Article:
“On a day-to-day basis, NATO air policing can react to airspace intrusions or violations of flight rules that Estonia would be unable to deal with alone — this is important for preserving territorial integrity,” Tony Lawrence, a research fellow at the Tallinn-based International Centre for Defence Security think tank, told Defense News.
NATO’s air defence capability has declined over the past decades, a period during which the Allies have usually been able to operate assuming air superiority. Russia’s air power, by contrast, has grown in size and sophistication.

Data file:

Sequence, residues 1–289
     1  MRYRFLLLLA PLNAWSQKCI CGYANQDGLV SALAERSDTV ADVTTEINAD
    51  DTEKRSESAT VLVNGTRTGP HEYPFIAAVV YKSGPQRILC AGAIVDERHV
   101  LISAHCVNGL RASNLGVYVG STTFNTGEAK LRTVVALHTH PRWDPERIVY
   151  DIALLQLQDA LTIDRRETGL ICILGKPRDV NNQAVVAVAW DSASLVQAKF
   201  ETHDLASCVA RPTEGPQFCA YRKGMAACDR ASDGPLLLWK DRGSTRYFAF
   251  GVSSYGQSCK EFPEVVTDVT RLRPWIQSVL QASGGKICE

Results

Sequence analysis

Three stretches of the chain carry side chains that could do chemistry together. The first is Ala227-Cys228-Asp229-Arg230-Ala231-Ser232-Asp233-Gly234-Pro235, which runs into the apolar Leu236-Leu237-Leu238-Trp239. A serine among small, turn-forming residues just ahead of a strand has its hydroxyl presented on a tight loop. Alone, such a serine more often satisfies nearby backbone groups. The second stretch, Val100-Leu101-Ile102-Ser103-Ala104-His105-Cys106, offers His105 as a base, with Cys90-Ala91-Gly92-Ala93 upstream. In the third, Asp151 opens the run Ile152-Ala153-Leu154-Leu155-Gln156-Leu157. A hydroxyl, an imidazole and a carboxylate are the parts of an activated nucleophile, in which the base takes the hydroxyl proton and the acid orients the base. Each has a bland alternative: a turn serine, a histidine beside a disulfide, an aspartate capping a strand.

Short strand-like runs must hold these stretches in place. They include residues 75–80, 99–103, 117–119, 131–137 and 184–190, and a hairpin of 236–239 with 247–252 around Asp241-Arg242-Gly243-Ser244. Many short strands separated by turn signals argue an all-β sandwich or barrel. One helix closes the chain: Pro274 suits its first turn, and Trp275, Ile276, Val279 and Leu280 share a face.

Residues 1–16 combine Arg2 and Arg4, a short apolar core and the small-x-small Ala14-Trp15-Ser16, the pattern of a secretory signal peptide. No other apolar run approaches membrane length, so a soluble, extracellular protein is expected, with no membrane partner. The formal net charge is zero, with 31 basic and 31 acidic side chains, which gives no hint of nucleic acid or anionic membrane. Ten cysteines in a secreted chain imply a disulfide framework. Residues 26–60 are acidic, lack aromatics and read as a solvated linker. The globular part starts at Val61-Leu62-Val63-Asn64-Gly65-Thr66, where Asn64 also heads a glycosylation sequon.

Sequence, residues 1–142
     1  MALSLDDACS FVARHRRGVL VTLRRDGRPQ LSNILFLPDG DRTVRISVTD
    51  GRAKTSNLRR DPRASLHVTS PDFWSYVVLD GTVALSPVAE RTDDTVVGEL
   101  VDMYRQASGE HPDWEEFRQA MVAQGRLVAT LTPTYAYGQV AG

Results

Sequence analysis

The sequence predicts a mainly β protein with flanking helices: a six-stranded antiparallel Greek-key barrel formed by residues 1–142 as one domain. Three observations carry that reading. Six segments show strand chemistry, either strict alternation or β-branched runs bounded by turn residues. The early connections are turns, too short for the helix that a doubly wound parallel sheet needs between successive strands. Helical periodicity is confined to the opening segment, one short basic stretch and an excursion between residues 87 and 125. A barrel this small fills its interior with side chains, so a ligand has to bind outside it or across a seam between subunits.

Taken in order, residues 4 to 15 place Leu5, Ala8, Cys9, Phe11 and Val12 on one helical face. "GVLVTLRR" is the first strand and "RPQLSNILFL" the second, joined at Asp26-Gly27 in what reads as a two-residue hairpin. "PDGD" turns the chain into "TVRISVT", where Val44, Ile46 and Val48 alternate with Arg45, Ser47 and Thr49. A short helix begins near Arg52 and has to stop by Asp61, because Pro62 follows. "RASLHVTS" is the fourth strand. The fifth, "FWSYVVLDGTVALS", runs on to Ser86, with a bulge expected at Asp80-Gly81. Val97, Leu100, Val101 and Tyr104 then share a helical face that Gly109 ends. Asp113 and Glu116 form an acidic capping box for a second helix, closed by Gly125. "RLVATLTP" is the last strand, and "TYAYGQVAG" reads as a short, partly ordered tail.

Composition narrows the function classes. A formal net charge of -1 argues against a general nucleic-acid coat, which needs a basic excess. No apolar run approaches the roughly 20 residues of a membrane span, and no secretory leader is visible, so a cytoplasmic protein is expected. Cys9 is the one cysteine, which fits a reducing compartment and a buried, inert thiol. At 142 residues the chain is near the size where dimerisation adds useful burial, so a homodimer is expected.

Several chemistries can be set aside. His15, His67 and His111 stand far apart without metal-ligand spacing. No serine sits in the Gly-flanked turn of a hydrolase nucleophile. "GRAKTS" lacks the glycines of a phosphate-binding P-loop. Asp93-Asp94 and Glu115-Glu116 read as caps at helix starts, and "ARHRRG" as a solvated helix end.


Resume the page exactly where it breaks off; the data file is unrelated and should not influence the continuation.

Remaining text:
The next NATO Summit meeting will be held in Brussels on 11–12 July. The heads of state and government will be taking stock of the decisions of the Wales and Warsaw Summits and implement further the adaptation of the Alliance to respond to the wide range of 21st-century security challenges.